This article examines the arrangements that authorities put in place for populations of mixed ancestry from two former colonies in Asia—the Dutch East Indies and British India—and compares them with those of French Indochina during decolonization. These people of mixed ancestry, or “Eurasians,” as they were commonly called at the time, were a heterogeneous group. Some could pass themselves off as Europeans, while others were seen as indigenous people. The arrangements were negotiated during round table conferences, at which decolonization in all three colonies was prepared. Which agreements were made, what consequences did they have, and how and why did these differ across the three colonial contexts? To answer these questions, I use material from governmental archives from all three former colonial contexts. The article shows that information on the paternal ancestry of Eurasians was decisive in the allocation of European citizenship and admission to the colonizing country.

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Every Campus A Refuge

A Small College’s Engagement with Refugee Resettlement

Diya Abdo and Krista Craven

ABSTRACT

Every Campus A Refuge is a novel initiative whereby college campuses provide housing and support to refugees navigating the resettlement process in the United States. This article details the founding and development of the Every Campus A Refuge initiative, particularly as it has been implemented at Guilford College, a small liberal arts college in North Carolina. It also details how Guilford College faculty and students are engaging in a multifaceted research study to document the resettlement experiences of refugee families who participate in Every Campus A Refuge and to determine the efficacy of the program in providing a “softer landing” for refugees. Overall, this article aims to provide a detailed account of Every Campus A Refuge so as to show how such a program may be implemented at other college campuses.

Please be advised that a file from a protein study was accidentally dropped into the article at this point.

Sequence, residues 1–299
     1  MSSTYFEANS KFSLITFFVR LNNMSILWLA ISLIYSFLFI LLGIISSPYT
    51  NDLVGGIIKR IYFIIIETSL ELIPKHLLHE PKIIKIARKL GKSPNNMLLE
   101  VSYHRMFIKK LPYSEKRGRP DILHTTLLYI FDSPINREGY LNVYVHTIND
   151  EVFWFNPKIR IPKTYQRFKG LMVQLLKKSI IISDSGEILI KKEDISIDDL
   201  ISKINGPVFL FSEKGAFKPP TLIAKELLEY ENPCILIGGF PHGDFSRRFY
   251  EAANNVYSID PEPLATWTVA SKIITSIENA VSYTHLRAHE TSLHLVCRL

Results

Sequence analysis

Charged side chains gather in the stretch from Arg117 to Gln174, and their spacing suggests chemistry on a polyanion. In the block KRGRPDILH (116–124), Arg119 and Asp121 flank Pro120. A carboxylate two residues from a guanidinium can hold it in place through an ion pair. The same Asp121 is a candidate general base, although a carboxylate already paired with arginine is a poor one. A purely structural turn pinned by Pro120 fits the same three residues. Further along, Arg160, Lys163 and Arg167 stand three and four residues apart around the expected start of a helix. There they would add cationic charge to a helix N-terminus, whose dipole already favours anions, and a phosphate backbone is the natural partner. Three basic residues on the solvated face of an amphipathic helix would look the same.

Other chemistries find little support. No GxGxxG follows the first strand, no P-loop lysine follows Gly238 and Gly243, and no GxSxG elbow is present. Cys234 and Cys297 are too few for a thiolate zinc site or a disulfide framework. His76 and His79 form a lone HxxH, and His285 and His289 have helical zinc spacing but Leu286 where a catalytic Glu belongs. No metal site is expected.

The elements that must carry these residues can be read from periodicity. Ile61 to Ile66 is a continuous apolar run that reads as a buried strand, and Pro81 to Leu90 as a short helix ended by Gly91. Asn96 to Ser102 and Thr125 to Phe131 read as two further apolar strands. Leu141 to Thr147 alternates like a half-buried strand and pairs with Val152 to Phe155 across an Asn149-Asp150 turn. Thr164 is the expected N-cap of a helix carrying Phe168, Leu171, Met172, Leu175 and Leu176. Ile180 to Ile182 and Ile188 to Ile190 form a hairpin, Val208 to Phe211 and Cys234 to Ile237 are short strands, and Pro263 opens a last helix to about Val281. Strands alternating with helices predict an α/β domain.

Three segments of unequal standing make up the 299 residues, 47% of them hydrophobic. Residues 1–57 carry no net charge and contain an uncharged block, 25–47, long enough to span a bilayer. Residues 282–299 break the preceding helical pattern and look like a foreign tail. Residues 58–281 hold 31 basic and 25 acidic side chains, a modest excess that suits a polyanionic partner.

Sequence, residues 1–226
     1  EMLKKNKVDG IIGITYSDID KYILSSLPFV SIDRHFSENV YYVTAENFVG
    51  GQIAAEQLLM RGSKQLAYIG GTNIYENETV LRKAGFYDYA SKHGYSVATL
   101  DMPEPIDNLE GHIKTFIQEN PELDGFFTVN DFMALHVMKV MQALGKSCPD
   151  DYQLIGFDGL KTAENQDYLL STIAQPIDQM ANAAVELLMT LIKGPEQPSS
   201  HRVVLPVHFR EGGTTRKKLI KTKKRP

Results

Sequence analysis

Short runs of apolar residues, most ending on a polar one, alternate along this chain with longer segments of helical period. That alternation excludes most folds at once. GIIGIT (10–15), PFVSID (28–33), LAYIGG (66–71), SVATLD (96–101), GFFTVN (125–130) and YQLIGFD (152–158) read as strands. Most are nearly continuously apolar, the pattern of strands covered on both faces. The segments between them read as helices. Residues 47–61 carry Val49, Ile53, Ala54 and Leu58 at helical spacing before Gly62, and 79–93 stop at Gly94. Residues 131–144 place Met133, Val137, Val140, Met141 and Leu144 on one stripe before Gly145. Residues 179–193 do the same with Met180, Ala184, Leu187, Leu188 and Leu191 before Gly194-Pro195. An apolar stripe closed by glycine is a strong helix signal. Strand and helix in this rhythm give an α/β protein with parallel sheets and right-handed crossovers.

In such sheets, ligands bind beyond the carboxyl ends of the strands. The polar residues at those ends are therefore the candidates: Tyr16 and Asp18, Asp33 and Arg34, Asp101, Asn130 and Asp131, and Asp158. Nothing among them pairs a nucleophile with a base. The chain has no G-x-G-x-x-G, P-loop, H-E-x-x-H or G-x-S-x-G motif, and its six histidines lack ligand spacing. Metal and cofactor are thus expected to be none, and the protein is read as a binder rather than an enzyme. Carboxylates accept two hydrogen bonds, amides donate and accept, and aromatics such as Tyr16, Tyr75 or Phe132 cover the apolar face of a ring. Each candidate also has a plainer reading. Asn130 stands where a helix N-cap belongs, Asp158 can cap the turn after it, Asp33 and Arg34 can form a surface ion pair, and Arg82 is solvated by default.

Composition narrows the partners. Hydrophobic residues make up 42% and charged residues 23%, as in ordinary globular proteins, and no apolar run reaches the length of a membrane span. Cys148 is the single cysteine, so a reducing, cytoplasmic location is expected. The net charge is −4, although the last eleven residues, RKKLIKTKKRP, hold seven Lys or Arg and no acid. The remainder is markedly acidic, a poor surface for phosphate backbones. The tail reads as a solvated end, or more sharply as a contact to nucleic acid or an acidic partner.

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Experiencing In-betweenness

Literary Spatialities

Tahmineh Hooshyar Emami

ABSTRACT

“Exploring in-betweenness” is the name of a collection of experiments that originate from my background in Architecture, overlapped with an interest in actual and perceived spaces of refuge. The result is a two-part experiment in which firstly, creative writing and literary analysis were used as vehicles to criticize and suggest alternative hierarchical arrangements of space, and secondly, the experiment which constitutes the topic of this article, where the actual and constructed dialogues between words and buildings are further explored. The author as both an insider and an observer aims to explore the relationship between space, lived experiences and sociological narratives. In “Literary Spatialities,” critical spatial writing is used to position the reader as the author through reflective passages and visual reconstructions to explore border encounters between refugee and host communities.